FUCT As Seen On TV
nytheatre.com review by Melle Powers
June 12, 2008
Is this what the MTV show Jackass has wrought? If an onslaught of full frontal male nudity, the live insertion of anal plugs, and gobs and gobs of saliva are the necessary components for your idea of a great night of sketch comedy—have I got a show for you. If not, you may want to steer clear of this one.
Upon entering the Cherry Lane Theatre to see FUCT As Seen on TV (part of the "Cherry Pit Late Nite" series), I was greeted by a joyous party atmosphere. The excellent "Rusty Trombone and the Pancake Breakfast" ensemble was playing. The charming and attractive cast was onstage exhorting audience members to enjoy the music, drink the free beer, and get ready for 90 minutes of edgy sketch comedy. It felt very much like a hip underground party on a college campus (which is how this group got their start) mixed with a night at the coolest frat house.
But then, things turned dark—very dark, and our attention was directed to a giant wheel sitting on stage. For the low price of $5, audience members could spin "The Wheel of Torture", and exact the corresponding atrocity on a cast member of their choice. "Highlights" of the ensuing 20 minutes included a guy getting beaten with a bamboo cane to the back of his legs; another cast member getting tasered at the back of his neck; and yet another actor being pelted at pretty close range by a paintball gun ("with a compression rate of 350ft/sec" the MC gleefully informed us). The cast members really didn't seem to mind at all, and the audience members (many of them apparently relatives of the inflicted) stepped up to perform these tasks with much the same cheer that they might devote to giving a hug. But I was worried for both the actors and the audience, as the audience member who was allowed to wield the paintball gun had downed a few beers and her hands weren't the steadiest.
Thus the tone was set for all that was to come.
In the opening sketch, a Twilight Zone homage, our winsome Rod Serling stand-in warned the audience that what we were about to see would offend us and maybe even turn us gay. And for the next 70 minutes the cast worked their hardest to live up to that promise, performing a variety of sketches that were uneven in content and vision, but dogged in their eagerness to be gross. Structure-wise, a "television" related theme was very pointedly set up: a commercial parody starring the very funny Sarah Bell and centering around one of her bodily fluids (which unfortunately is very similar to a recent Saturday Night Live short); a game show involving a different bodily fluid—during which several audience members were (I suspect) so grossed out that they left the theater; a spot-on '50s sit-com that started strong but wilted at the end when the characters had nowhere to grow. But other sketches didn't adhere to the theme at all and no attempt was made to integrate them smoothly (a sketch involving a prisoner getting pelted with paintballs comes to mind).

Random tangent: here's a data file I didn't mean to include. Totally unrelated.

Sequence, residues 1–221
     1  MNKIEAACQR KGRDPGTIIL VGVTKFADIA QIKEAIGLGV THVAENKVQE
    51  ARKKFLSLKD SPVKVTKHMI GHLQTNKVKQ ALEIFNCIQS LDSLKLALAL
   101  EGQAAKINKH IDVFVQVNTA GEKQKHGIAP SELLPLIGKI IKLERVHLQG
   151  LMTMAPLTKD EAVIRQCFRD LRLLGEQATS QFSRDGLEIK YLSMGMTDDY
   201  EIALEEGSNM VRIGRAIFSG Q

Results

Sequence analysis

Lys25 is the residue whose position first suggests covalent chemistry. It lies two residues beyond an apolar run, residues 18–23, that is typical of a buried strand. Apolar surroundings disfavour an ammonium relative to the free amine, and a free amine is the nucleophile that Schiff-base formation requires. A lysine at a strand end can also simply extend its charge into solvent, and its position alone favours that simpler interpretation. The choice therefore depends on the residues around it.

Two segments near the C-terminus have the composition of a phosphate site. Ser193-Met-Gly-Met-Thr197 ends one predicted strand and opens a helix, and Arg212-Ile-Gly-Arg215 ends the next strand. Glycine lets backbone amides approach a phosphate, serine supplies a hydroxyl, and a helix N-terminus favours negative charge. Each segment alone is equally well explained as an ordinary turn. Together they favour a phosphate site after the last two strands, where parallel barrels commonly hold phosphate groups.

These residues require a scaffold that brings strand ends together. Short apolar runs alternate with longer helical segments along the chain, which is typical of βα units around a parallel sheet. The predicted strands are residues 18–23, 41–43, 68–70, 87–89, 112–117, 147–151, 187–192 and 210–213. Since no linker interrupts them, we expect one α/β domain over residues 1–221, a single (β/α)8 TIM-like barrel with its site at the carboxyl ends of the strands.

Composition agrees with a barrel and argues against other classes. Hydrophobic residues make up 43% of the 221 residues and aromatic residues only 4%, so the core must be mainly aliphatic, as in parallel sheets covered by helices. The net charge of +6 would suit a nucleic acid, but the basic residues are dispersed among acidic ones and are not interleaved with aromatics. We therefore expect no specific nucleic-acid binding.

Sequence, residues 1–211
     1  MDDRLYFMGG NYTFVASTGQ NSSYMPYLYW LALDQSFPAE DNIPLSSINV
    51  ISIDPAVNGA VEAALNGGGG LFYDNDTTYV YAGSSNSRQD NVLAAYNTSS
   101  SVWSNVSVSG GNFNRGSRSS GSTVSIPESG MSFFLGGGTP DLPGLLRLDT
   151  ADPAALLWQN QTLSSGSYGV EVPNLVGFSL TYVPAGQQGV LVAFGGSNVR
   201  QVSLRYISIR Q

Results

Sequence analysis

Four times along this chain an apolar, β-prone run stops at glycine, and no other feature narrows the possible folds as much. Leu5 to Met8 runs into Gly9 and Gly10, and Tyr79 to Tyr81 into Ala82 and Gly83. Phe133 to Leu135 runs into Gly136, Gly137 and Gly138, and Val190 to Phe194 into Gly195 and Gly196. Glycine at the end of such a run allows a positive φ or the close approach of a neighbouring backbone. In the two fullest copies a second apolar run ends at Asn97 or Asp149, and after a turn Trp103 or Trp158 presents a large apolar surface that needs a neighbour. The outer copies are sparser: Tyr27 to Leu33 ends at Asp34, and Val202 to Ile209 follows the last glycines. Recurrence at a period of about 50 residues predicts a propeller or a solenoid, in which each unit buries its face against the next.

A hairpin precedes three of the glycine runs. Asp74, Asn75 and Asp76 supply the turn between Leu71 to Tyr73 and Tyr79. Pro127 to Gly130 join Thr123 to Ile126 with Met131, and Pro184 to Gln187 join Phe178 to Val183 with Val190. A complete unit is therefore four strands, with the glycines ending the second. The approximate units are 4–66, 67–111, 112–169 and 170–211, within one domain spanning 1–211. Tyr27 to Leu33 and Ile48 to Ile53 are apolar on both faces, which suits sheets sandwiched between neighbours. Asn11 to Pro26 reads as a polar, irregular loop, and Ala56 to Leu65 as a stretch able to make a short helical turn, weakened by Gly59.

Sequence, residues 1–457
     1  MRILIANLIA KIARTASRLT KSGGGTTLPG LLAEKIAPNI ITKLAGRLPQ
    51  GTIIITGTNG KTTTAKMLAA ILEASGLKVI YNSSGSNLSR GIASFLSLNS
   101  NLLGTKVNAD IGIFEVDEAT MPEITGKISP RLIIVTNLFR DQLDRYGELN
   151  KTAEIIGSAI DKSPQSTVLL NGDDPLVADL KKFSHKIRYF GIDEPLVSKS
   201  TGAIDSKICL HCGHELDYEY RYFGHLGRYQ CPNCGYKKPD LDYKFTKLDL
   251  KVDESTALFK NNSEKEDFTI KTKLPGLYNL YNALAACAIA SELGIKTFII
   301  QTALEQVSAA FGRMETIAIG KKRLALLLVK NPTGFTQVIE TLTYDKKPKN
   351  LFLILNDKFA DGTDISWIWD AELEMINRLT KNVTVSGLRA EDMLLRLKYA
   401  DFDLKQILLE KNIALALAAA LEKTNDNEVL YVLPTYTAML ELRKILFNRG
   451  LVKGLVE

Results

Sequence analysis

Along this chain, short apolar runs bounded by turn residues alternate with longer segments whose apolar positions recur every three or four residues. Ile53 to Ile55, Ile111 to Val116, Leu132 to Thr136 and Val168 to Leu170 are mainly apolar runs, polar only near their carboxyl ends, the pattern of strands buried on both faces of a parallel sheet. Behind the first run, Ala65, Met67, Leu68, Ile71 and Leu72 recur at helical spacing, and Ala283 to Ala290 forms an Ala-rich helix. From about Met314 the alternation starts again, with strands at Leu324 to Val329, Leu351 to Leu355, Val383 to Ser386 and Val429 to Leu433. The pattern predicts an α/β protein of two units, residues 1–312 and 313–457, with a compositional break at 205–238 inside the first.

The challenge this cast faces is to make their material as smart as they are brave. The actors are all charismatic, talented, and extremely fearless—especially with their bodies. They've found a specific niche in the comedy minefield that they seem to really love and be excited about—"Theater of Self-inflicted Cruelty"—and an element of their audience that is willing to beat them senseless. They are clearly having a great time and work well as an ensemble. But after the initial thrill has worn off, the constant violence and gratuitous nudity (even a puppet inexplicably had a protruding penis that was never commented on) fails to thrill and belies their talent. It is shocking to see an actor get tasered (pun intended), or to watch two men insert plugs into their anuses right in front of you—but to what end? (No pun intended.)
In fact, the three strongest segments had few spoken words and relied on plain, old-fashioned good acting: the eminently watchable Ian Sinclair Lassiter as a caveman flummoxed by a Twinkie; a low-tech chase scene with flashlights featuring the rubber-faced charmer, Graham Skipper; and a hilarious long-lost twin reunion starring Junio Marrero, an actor with such a sweet stage presence that I was very sorry he didn't have more to do in this show. Maybe he will in their next show—and hopefully, he'll keep the bodily fluids to a minimum or, at least, to himself.